In the ’90s, Oldsmobile wanted to see if the public would respond positively to more performance-oriented offerings. To do so, it introduced several hotted-up OSV (Oldsmobile Special Vehicle) concepts, including the Alero OSV, Intrigue OSV, and Oldsmobile Silhouette OSV. The latter of these is currently on sale at Canadian car dealer Empire Motors.
The Silhouette OSV was a styling exercise introduced during the 1999 Specialty Equipment Market Association show in Las Vegas. With a smidge over 114,000 miles on the clock, it’s currently selling for just $8,588 (whether that is in American or Canadian currency was not indicated). And judging from the pics, it has received better than average care, and likely won’t last long at that price. Even better, rumor has it that only one of three OSVs were ever constructed to carry a real title, this would indeed make for the most exclusive of family haulers.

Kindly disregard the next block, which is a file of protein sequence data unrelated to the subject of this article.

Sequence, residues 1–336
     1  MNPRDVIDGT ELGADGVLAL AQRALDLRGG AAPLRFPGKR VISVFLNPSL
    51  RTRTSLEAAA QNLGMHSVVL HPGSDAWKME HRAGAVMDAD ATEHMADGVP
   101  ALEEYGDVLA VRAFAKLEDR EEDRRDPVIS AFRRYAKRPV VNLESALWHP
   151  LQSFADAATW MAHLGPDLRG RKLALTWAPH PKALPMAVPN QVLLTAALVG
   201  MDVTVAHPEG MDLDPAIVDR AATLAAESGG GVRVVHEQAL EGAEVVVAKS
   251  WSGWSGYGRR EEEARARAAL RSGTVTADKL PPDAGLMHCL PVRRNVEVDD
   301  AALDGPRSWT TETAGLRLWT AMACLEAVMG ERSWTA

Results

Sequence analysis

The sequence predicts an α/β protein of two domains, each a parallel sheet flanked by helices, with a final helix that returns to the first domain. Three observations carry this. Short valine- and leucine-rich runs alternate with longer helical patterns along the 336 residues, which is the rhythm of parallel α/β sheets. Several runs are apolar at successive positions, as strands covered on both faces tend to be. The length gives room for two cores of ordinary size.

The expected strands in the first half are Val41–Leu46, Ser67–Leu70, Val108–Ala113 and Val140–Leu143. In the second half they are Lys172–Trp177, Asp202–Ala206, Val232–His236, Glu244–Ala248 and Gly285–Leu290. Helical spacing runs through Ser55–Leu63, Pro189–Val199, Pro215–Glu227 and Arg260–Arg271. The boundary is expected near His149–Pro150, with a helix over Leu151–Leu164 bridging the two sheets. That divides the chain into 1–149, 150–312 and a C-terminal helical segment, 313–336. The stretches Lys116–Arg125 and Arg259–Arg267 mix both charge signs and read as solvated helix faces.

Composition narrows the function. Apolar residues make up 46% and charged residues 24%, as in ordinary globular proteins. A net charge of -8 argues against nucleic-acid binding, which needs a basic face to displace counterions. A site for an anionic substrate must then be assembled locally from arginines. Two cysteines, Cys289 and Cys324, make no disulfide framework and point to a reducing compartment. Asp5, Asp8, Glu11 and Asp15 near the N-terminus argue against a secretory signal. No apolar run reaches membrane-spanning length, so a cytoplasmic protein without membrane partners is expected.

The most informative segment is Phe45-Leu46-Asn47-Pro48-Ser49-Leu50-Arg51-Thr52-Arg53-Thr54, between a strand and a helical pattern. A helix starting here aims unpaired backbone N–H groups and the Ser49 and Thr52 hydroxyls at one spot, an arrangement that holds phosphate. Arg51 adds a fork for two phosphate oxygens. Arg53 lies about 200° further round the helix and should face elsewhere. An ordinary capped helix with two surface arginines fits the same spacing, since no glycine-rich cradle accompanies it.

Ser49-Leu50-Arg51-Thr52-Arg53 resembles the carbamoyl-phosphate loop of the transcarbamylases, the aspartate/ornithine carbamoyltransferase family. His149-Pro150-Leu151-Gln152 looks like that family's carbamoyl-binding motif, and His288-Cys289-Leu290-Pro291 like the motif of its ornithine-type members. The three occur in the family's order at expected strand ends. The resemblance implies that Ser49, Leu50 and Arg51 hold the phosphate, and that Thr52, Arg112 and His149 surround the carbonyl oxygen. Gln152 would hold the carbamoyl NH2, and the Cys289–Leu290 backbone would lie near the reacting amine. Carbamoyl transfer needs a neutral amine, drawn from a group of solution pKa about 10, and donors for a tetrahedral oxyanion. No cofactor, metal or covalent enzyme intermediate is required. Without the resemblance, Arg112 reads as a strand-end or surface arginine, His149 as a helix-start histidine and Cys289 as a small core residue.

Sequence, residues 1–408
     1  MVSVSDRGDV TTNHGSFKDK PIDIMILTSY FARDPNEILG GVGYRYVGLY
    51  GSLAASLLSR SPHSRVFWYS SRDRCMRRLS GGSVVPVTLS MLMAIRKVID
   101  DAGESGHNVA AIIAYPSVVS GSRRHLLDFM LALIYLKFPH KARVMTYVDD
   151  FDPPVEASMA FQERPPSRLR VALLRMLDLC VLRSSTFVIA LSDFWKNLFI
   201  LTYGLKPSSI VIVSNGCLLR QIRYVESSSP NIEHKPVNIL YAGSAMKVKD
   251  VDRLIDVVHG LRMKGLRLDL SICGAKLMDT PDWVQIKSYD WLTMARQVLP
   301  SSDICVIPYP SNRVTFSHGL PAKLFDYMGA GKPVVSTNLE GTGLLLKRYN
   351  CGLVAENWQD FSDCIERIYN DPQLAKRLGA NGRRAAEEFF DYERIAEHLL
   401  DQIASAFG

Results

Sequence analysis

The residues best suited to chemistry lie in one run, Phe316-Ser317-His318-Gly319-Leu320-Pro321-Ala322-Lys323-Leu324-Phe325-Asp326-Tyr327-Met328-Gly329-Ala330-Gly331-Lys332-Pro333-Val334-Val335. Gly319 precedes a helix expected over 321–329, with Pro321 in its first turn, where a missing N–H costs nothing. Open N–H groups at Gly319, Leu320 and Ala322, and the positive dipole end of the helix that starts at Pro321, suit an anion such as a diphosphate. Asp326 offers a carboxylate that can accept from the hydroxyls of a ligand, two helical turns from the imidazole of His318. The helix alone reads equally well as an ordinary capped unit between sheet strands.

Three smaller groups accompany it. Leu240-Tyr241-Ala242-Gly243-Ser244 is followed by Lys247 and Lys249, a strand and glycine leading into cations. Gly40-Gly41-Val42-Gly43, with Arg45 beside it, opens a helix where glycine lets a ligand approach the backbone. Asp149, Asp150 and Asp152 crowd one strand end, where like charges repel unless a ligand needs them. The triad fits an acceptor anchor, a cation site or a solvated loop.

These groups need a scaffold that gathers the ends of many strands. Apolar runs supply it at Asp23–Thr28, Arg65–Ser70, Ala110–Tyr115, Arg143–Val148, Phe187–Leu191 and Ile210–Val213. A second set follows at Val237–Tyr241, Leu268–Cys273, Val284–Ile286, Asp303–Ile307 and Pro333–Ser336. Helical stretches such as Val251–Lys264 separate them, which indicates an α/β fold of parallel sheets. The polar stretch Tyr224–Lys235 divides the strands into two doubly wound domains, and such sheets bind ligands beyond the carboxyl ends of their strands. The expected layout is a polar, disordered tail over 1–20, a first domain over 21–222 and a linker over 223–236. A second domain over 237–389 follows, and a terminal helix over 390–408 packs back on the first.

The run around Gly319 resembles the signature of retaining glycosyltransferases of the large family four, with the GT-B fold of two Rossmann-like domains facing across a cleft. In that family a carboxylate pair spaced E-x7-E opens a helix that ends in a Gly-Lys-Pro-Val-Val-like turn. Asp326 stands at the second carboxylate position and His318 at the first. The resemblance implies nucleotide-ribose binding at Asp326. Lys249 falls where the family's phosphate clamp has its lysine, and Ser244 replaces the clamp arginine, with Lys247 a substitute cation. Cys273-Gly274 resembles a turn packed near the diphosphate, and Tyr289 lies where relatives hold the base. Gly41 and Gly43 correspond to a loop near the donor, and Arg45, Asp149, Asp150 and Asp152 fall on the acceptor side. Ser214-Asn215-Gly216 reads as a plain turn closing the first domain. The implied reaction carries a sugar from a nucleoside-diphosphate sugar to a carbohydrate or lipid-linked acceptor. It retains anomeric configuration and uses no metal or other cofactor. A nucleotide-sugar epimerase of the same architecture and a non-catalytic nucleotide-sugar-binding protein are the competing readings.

On the exterior, the Silhouette OSV got an aero kit, chrome wheels, and a surprisingly attractive red metallic paint job, all of which dressed up the Silhouette considerably.
The 3.4L V6 in the Oldsmobile Silhouette OSV was allowed to breathe more easily courtesy of a free-flowing intake and exhaust, bumping output from 185 to 210 horsepower. Brembo brakes were fitted at all four corners. Recaro seats, slathered in gray leather, replaced the stock units in all three rows.
To understand how we got the Silhouette, let’s take a brief stroll through history.
In the 80s, GM was already making the Chevy Astro/GMC Safari minivans. These were more akin to light trucks, with rear wheel drive and a size similar to a short wheelbase Chevy/GMC Van. Then came along Chrysler, with a runaway hit of ultra-modern family movers, and GM needed something to compete. So it developed a new series of “wedge-shaped” vans as a direct answer to the similarly-sized Chrysler minivans.
The wedge-shaped models were produced from 1990 to 1996, with a re-style in 1993. In 1997, the Silhouette, along with its other GM brethren, received a full redesign. Having ditched the first generation’s funky styling, the new vans were much more attractive, and the example we see here goes a long way to re-capturing some of the sexiness of that sleek concept.